Crimes (Sexual Offences) Act 1991

  12. In 1991, the Crimes (Sexual Offences) Act inserted section 61 into the Crimes Act 1958. Originally, section 61(1)(b) required the judge to:

    (i) warn the jury that delay in complaining does not necessarily indicate that the allegation is false; and

    (ii) inform the jury that there may be a good reason why a victim of a sexual assault may hesitate in complaining about it.

  13. While this section partially codified the law in the area, it did not prevent judges from making any comments on the evidence given in the proceedings that it was appropriate to make in the interests of justice (Crimes Act 1958 s61(2)).

    Crimes (Amendment) Act 1997

  14. Section 61 was amended by the Crimes (Amendment) Act 1997. This amendment:

    Crimes (Sexual Offences) (Further Amendment) Act 2006

  15. In 2006, the Crimes (Sexual Offences) (Further Amendment) Act inserted a new s61(1)(b)(ii) into the Crimes Act 1958. This section prohibits judges from warning or suggesting to the jury that delay may affect the credibility of the complainant unless:

    Jury Directions Act 2015

  16. The Jury Directions Act 2015 commenced on 29 June 2015. These amendments repealed section 61 of the Crimes Act 1958. Part 5, Division 2 of the Act governs directions on delay in complaint and credibility. The Act also abolished the common law rules requiring a jury direction in relation to delay and credibility and prohibits suggestions that complainants in sexual offence cases are unreliable, or that complainants who delay in making a complaint are, as a class, less credible or require more careful scrutiny than other complainants.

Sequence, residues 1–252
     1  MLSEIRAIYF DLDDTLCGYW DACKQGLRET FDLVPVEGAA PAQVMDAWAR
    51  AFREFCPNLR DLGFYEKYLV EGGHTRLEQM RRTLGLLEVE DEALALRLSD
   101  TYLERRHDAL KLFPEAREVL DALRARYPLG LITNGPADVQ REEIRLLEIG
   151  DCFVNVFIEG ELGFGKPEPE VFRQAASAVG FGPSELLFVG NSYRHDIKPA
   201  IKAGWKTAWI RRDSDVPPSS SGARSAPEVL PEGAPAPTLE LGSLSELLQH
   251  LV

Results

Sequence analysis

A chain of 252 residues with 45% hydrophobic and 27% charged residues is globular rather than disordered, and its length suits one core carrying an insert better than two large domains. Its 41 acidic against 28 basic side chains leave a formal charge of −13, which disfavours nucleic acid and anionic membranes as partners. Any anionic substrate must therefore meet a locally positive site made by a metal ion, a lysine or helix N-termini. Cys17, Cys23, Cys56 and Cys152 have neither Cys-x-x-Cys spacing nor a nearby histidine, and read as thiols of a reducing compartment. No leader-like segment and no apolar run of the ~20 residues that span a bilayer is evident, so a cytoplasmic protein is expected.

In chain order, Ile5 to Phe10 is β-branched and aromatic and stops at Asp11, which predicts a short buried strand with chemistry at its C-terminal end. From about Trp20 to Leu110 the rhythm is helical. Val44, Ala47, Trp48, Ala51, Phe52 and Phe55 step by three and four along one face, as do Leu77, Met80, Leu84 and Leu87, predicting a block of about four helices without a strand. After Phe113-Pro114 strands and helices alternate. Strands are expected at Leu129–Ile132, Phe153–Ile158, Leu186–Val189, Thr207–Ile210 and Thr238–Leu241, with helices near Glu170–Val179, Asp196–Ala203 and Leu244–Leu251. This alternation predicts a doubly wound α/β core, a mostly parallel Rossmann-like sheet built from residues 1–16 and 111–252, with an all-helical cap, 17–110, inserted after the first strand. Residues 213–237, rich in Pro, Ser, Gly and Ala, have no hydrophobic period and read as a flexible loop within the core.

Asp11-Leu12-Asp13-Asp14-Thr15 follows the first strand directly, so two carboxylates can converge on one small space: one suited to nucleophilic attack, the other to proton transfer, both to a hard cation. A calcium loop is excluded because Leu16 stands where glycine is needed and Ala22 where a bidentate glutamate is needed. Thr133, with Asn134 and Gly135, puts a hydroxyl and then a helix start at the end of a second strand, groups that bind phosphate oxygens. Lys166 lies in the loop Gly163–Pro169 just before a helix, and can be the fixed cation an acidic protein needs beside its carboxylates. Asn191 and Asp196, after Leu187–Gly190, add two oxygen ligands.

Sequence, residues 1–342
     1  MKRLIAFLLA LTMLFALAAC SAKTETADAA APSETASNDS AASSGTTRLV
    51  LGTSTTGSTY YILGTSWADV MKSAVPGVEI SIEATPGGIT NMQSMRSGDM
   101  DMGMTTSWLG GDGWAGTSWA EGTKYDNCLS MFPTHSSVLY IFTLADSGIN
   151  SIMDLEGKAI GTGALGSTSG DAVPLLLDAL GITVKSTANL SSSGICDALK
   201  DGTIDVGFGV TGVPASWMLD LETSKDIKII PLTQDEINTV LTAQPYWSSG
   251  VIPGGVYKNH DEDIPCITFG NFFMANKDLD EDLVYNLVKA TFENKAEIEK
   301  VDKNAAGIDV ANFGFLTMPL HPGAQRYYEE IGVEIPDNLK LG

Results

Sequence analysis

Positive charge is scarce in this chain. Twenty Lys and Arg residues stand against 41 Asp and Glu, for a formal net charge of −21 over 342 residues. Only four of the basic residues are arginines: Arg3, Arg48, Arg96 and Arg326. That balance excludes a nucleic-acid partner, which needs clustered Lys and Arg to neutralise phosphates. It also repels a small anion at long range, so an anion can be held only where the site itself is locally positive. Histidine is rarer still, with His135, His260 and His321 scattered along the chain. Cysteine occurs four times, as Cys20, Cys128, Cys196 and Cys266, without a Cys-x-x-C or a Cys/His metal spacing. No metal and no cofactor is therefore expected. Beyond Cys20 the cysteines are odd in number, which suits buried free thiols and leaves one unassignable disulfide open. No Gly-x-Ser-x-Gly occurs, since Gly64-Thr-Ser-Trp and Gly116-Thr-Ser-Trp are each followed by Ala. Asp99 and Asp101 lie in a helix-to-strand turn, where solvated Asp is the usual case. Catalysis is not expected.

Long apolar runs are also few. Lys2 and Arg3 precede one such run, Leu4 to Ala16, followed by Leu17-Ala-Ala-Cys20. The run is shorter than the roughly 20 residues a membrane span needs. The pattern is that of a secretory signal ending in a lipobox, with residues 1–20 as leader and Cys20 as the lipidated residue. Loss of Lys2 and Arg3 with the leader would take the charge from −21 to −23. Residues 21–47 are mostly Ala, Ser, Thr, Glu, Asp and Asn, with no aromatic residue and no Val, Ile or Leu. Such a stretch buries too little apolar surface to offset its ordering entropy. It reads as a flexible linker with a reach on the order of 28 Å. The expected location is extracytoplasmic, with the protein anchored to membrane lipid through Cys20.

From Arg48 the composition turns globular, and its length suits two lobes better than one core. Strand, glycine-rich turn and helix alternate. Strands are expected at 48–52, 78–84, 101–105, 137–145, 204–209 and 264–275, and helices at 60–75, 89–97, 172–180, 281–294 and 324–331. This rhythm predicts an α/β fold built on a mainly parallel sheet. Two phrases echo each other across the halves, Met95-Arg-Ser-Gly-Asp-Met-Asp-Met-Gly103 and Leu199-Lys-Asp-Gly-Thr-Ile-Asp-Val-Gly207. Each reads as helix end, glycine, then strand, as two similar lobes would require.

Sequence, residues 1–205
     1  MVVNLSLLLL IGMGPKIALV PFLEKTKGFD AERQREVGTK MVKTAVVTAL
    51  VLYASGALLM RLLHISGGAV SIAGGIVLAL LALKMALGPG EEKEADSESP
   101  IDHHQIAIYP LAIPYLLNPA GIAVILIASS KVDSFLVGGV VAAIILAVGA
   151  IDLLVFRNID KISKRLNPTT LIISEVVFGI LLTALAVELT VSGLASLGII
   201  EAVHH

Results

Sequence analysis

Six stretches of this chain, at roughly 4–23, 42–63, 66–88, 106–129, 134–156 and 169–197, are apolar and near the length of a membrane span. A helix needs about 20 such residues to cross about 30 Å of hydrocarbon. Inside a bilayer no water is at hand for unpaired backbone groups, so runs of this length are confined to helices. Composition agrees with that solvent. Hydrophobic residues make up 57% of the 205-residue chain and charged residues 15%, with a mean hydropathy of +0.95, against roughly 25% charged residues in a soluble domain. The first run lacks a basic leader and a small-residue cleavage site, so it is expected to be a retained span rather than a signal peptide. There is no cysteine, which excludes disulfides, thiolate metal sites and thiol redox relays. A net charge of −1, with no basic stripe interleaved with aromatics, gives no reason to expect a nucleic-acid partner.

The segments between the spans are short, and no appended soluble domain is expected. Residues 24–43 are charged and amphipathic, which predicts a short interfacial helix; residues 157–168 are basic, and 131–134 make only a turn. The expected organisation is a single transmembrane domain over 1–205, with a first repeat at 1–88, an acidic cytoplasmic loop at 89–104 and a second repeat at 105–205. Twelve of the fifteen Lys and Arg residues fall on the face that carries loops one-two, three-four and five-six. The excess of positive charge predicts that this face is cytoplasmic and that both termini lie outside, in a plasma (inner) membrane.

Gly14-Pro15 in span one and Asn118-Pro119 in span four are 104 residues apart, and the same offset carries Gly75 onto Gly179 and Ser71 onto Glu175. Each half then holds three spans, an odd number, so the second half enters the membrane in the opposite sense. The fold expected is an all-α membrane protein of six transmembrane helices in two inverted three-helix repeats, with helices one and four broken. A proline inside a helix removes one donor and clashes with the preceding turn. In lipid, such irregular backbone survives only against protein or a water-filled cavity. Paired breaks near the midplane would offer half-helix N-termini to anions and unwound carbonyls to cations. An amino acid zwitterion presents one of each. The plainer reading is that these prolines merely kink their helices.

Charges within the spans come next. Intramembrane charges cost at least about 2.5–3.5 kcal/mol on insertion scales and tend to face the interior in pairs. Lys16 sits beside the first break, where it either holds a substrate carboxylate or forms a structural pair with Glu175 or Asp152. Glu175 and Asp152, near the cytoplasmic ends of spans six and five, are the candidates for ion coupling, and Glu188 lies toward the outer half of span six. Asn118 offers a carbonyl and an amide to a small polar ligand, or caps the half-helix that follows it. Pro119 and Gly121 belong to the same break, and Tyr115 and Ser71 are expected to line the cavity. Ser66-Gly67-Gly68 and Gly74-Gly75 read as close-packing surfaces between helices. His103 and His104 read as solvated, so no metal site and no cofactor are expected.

Relevance of Delayed Complaint

  17. At common law, the absence of "recent complaint" was relevant to the credibility of the complainant as it could be used in evaluating the consistency of the complainant’s evidence (Kilby v R (1973) 129 CLR 460; Crofts v R (1996) 186 CLR 427; R v Miletic [1997] 1 VR 593; R v Matthews [1999] 1 VR 534; R v WEB (2003) 7 VR 200).
  18. The fact that the complainant had not complained in a timely fashion was seen as capable of diminishing the complainant’s credibility (Kilby v R (1973) 129 CLR 460; Crofts v R (1996) 186 CLR 427).
  19. So just as the fact that a "recent complaint" was made could tend to support the credibility of the complainant (see Previous Representations (Hearsay, Recent Complaint and Prior Statements)), its absence was treated as a factor in reducing the complainant’s credibility (Kilby v R (1973) 129 CLR 460; R v Freeman [1980] VR 1; R v Matthews [1999] 1 VR 534).
  20. However, section 52 of the Jury Directions Act 2015 now requires the judge to give the jury certain directions which are relevant to assessing the significance of delay. These directions are designed to address certain misconceptions jurors may have about the significance of delay (see Department of Justice, Jury Directions: A Jury-Centric Approach, 2015).